Direct3D is part of Microsoft's DirectX API. Direct3D is only for use in Microsoft's various Windows operating systems (Windows 95 and above) and, although in a quite different version, in the Xbox and the Xbox 360. Direct3D is used to render three dimensional graphics in applications where performance is important, such as games. Direct3D also allows applications to run fullscreen instead of embedded in a window, though they can still run in a window if programmed for that feature. Direct3D uses hardware acceleration if it is available on the graphic board.
Direct3D is a 3D API. That is, it contains many commands for 3D rendering, but contains few commands for rendering 2D graphics. Microsoft strives to continually update Direct3D to support the latest technology available on 3D graphics cards. Direct3D offers full vertex software emulation but no pixel software emulation for features not available in hardware. For example, if a program programmed using Direct3D requires pixel shaders and the graphics card on the user's computer does not support that feature, Direct3D will not emulate it. The program will most likely exit with an error message. The API does define a Reference Rasterizer (or REF device), which emulates a generic graphics card, although it's too slow to be used in any application to emulate pixel shaders and is usually ignored.
In DirectX version 7.0, the .dds texture format was introduced.
As of DirectX version 8.0, Direct3D was rolled up into a package called DirectX Graphics. DirectX Graphics was meant to be a combination of DirectDraw and Direct3D, but in reality was just Direct3D with a few DirectDraw features added. Most users still refer to DirectX Graphics as Direct3D.
Direct3D was not considered to be user friendly, but as of DirectX version 8.1, many usability problems were resolved. Direct3D (DX8) contained many very powerful 3D graphics features, such as vertex shaders, pixel shaders, fog, bump mapping and texture mapping.
DirectX version 9.0 added a new version of the High Level Shader Language, support for high dynamic range lighting, multiple render targets, and vertex buffer indexing.
Template:Future software Microsoft is currently working on a large update to Direct3D API. Originally called Windows Graphics Foundation, DirectX 10, and later DirectX Next, but currently referred to as Direct3D 10, it will appear as part of Windows Vista. Version 10 will represent a departure from the driver model of DirectX Graphics 9.0, with the addition of a scheduler and memory virtualization system. Direct3D 10 will forego the current DirectX practice of using "capability bits" to indicate which features are active on the current hardware. Instead, Direct3D 10 will define a minimum standard of hardware capabilities which must be supported for a display system to be "Direct3D 10 compatible". According to Microsoft, Direct3D 10 will be able to display graphics up to 8 times more quickly than DirectX Graphics 9.0c. In addition, Direct3D 10 will incorporate Microsoft Shader Model 4.0.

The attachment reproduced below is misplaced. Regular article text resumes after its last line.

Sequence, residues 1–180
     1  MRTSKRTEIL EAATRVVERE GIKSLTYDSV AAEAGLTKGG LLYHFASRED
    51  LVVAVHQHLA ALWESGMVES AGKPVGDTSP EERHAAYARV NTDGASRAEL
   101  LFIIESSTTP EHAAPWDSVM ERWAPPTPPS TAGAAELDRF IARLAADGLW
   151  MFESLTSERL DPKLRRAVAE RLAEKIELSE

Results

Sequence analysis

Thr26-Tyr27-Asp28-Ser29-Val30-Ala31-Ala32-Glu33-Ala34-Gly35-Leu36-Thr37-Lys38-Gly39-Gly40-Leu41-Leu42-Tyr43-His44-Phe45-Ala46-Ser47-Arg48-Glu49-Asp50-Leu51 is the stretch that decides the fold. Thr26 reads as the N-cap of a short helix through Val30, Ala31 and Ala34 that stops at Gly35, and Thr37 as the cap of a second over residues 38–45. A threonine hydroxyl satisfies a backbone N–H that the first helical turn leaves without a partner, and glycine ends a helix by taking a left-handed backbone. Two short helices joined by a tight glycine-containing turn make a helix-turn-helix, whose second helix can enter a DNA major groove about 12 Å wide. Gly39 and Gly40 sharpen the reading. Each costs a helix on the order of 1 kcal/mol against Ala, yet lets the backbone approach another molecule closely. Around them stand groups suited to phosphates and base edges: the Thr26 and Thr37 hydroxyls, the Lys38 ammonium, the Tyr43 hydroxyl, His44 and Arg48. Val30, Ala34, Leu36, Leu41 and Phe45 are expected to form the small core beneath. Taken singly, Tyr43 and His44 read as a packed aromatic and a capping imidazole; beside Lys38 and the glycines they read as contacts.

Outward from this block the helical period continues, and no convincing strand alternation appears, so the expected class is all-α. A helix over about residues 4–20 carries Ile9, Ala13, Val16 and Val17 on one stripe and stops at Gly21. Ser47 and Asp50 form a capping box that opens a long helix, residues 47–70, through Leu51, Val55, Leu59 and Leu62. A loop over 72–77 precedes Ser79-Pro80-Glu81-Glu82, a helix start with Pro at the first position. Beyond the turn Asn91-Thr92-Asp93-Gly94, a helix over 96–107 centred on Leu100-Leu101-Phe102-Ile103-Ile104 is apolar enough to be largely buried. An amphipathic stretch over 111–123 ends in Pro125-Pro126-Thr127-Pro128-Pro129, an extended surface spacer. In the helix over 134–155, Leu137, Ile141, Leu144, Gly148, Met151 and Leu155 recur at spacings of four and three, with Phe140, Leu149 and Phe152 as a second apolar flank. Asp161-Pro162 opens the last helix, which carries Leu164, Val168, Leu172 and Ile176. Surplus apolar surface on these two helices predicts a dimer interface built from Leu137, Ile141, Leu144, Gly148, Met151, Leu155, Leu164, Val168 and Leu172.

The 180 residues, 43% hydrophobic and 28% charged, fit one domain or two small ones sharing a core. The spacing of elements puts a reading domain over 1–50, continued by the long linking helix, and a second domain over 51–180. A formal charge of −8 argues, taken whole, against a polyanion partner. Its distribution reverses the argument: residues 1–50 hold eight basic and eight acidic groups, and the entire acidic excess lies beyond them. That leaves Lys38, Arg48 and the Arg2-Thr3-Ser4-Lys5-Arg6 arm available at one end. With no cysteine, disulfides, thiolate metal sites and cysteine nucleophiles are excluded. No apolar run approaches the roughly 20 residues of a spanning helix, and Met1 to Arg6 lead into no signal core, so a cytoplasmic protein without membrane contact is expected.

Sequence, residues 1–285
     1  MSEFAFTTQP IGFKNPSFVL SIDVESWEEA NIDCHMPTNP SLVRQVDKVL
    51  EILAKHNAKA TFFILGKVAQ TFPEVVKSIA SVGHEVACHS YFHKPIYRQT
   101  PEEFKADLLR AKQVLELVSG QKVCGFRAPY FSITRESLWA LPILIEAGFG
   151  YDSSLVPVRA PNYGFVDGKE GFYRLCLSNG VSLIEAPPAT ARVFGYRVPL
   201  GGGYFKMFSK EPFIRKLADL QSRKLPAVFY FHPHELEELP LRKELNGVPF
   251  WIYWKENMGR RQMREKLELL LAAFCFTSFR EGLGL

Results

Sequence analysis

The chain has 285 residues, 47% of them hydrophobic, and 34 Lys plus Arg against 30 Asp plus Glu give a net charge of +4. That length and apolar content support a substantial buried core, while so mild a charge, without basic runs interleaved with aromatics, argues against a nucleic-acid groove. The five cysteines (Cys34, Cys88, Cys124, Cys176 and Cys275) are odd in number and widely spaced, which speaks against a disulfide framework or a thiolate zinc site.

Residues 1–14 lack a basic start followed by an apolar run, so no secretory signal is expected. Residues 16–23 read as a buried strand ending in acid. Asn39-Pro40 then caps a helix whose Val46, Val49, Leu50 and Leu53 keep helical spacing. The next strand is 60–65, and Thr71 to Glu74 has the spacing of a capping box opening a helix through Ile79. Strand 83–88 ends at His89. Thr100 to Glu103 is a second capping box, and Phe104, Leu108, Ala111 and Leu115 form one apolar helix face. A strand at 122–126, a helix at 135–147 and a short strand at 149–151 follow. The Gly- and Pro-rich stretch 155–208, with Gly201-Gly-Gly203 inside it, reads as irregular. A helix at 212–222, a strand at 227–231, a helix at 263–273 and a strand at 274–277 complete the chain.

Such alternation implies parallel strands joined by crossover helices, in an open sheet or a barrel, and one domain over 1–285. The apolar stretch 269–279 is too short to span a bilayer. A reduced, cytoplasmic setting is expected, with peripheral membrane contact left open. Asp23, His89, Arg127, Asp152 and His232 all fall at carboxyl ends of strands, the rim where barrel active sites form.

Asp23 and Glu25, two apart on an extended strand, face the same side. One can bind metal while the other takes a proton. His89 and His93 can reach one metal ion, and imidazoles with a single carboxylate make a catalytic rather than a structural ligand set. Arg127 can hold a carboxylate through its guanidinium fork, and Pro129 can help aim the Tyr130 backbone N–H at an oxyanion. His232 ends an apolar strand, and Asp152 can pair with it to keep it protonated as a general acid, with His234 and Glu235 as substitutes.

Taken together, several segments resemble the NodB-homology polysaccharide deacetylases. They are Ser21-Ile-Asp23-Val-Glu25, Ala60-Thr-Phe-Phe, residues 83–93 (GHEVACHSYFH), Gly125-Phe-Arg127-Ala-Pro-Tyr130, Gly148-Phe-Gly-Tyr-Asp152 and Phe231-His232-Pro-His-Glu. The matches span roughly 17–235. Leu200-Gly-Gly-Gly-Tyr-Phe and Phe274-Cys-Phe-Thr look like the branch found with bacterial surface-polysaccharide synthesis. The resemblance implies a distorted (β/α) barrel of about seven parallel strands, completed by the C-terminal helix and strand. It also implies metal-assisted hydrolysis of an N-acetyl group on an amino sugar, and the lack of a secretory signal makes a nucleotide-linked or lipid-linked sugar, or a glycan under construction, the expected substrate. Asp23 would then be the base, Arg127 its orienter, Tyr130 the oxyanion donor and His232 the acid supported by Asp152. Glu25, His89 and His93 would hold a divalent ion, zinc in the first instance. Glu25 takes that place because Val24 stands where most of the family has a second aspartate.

Vista will ship with Windows Graphics Foundation (WGF) 1.0. WGF 2.0 will ship later (after Vista). Beneath the WGF is either legacy (XP) drivers with limited functionality or Vista Display Driver Model (VDDM) drivers in one of two flavors: Basic (for existing hardware) and Advanced (for post-Vista hardware). What's currently referred to as DX10 is really WGF 2.0 atop Advanced VDDM drivers running on post-Vista hardware. WGF 1.0 (atop either flavor of VDDM), as shipping with Vista, is referred to by MS as DX9.L -- it's most definitely not DX10. It certainly does have some benefits -- managed resources for "unlimited" memory (limited by virtual memory), better gamma control and text rendering, some performance improvements, etc -- but it's a relatively minor upgrade, and it's not going to drive radical new development in either games or GPUs.
DX10 functionality will require WGF 2.0, and will require the Advanced VDDM, which in turn will require new graphics hardware, even beyond unified shaders and an updated shader model: it includes things like additional pipeline stages (geometry shaders), hardware virtualization (to allow multiple threads/processes time-sliced use of the GPU), demand-paged virtual graphics memory, offload of various operations from the CPU to the GPU, and more. No GPU is going to be available with the full WGF 2.0 featureset in 2006.
Note also that games that take advantage of WGF 1.0 will run successfully on Vista atop existing hardware. However, once they make the transition to WGF 2.0 it's unclear if they'll be able to degrade gracefully to 1.0, meaning that the first "must have" game using WGF 2.0 is going to require not just Vista but a new video card: while there will be XP drivers for "DX10" hardware XP won't support WGF 2.0, and older cards running Vista will at most support WGF 1.0 and Basic VDDM drivers. So the first WGF 2.0 games will be looking at a fairly small market with the requisite hardware base, and thus there may be a bit of delay until such titles are released (fortunately the new hardware should offer enough of an improvement on existing titles that we won't see a chicken-and-egg situation develop).
DirectX comes with D3DX, a library of tools designed to perform common mathematical calculations and several more complicated tasks, such as compiling or assembling shaders used for 3D graphic programming. It also includes several classes that simplify the use of 3D-models and, for example, particle systems. D3DX is provided as a dynamic link library (DLL) or as a static library (i.e. is included in the executable).
DXUT (also called the sample framework) is a layer built on top of the Direct3D API. The framework is designed to help the programmer spend less time with mundane tasks, such as creating a window, creating a device, processing Windows messages and handling device events.
- Microsoft DirectX SDK Readme (December 2005):